The first Montana satellite chosen to ride on a NASA space mission -- a small research satellite that involved more than 125 Montana State University students over five years -- is set to launch on Wednesday, Feb. 23.

Glory is a climate satellite that will measure the sun's energy output and the distribution of tiny airborne aerosol particles in the upper atmosphere, Klumpar said. Explorer-1 [Prime] is expected to orbit the Earth about 15 years before reentering and disintegrating in the upper atmosphere.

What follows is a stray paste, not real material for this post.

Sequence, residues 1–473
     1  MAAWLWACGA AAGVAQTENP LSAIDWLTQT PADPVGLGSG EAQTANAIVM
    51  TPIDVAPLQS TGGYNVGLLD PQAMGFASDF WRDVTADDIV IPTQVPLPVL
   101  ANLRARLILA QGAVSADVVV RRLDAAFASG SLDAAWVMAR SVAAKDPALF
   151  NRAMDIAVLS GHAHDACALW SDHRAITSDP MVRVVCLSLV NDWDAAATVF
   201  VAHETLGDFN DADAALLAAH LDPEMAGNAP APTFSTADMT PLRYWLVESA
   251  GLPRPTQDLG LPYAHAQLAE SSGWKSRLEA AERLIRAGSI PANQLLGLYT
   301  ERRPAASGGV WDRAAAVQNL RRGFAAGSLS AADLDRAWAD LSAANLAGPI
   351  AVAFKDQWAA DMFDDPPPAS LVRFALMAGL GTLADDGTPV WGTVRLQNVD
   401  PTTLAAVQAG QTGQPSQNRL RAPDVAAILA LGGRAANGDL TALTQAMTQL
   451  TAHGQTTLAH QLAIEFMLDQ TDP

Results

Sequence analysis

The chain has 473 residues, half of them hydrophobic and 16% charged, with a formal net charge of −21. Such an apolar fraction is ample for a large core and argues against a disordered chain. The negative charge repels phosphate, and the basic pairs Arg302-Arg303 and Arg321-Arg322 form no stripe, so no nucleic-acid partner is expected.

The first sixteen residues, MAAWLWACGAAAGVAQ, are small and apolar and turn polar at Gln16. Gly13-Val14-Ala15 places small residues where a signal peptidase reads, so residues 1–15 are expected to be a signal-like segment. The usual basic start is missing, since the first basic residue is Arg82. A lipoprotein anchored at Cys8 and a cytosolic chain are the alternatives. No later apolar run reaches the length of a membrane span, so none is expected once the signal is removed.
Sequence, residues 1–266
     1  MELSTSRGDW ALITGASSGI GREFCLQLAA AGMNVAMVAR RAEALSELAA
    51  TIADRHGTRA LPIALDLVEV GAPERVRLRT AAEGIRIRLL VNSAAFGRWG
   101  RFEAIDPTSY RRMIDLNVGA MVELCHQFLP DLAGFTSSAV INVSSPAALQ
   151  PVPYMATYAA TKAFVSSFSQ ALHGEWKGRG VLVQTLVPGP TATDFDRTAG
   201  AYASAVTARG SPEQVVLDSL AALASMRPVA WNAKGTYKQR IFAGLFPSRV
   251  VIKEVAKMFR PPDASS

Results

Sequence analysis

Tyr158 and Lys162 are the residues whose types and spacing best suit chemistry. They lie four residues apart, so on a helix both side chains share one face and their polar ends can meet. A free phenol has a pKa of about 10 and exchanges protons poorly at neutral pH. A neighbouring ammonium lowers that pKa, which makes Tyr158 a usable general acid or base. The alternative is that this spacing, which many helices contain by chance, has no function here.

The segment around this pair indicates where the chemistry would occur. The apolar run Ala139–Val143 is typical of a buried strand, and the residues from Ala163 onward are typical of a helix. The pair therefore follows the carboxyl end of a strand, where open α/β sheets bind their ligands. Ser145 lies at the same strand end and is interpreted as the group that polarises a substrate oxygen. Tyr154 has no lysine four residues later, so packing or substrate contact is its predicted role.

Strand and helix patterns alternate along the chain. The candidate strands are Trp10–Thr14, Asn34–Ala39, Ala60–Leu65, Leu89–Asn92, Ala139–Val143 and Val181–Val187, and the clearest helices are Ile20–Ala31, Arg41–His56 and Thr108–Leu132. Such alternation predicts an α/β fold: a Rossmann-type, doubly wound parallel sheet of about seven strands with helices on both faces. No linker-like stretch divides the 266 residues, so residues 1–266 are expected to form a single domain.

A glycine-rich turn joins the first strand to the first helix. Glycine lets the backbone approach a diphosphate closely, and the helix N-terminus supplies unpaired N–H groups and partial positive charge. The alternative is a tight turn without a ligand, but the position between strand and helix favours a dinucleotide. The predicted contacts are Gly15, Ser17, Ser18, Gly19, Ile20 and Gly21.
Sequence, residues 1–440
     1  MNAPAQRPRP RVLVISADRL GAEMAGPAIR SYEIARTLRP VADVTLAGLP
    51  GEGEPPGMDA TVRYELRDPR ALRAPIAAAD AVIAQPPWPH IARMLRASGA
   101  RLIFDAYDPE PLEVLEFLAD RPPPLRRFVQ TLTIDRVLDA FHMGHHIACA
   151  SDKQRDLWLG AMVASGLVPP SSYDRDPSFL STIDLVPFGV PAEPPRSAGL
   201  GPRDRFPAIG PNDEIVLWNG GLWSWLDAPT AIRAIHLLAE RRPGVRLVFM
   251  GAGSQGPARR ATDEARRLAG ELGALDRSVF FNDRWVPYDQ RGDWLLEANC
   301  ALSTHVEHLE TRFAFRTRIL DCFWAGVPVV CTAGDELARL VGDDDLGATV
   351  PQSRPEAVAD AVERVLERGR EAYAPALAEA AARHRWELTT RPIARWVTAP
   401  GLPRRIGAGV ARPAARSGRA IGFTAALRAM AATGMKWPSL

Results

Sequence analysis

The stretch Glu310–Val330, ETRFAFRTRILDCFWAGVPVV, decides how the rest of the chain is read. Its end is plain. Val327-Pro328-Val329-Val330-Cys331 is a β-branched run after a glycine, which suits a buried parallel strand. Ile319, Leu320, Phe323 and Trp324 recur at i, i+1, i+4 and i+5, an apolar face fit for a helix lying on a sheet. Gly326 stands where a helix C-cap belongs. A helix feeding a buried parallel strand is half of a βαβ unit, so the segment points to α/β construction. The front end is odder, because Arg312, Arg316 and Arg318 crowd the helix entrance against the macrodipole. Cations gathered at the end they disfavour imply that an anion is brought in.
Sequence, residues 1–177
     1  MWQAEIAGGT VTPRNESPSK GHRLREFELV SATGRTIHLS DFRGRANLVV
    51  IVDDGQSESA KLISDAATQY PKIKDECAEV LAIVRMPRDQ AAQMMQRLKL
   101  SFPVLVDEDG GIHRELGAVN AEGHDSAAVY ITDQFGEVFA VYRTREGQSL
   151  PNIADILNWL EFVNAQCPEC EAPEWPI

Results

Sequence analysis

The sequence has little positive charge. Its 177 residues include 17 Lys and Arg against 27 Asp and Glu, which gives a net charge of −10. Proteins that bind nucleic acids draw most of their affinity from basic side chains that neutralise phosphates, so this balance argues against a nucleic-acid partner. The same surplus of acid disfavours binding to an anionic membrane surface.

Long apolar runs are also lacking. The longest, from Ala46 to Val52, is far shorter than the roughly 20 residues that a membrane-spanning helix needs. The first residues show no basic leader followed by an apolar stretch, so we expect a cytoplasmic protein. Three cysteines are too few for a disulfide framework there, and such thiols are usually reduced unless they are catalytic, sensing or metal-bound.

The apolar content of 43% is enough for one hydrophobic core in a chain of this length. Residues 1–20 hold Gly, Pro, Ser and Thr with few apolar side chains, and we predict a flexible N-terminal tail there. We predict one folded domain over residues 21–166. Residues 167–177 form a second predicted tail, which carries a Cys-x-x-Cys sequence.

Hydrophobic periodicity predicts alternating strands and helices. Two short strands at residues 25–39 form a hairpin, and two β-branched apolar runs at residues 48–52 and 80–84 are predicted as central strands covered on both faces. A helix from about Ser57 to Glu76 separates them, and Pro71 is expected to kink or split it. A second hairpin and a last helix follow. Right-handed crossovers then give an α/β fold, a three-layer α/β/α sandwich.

MSU's satellite will also carry solar cells for power, a radio receiver and transmitter and a computer system to operate the device.

If the satellite launches as scheduled, it is expected to make its first pass over Bozeman between 1 and 3 p.m. the same day, Klumpar said. After that initial pass, the satellite will pass over MSU about three times daily, about 440 miles above the ground.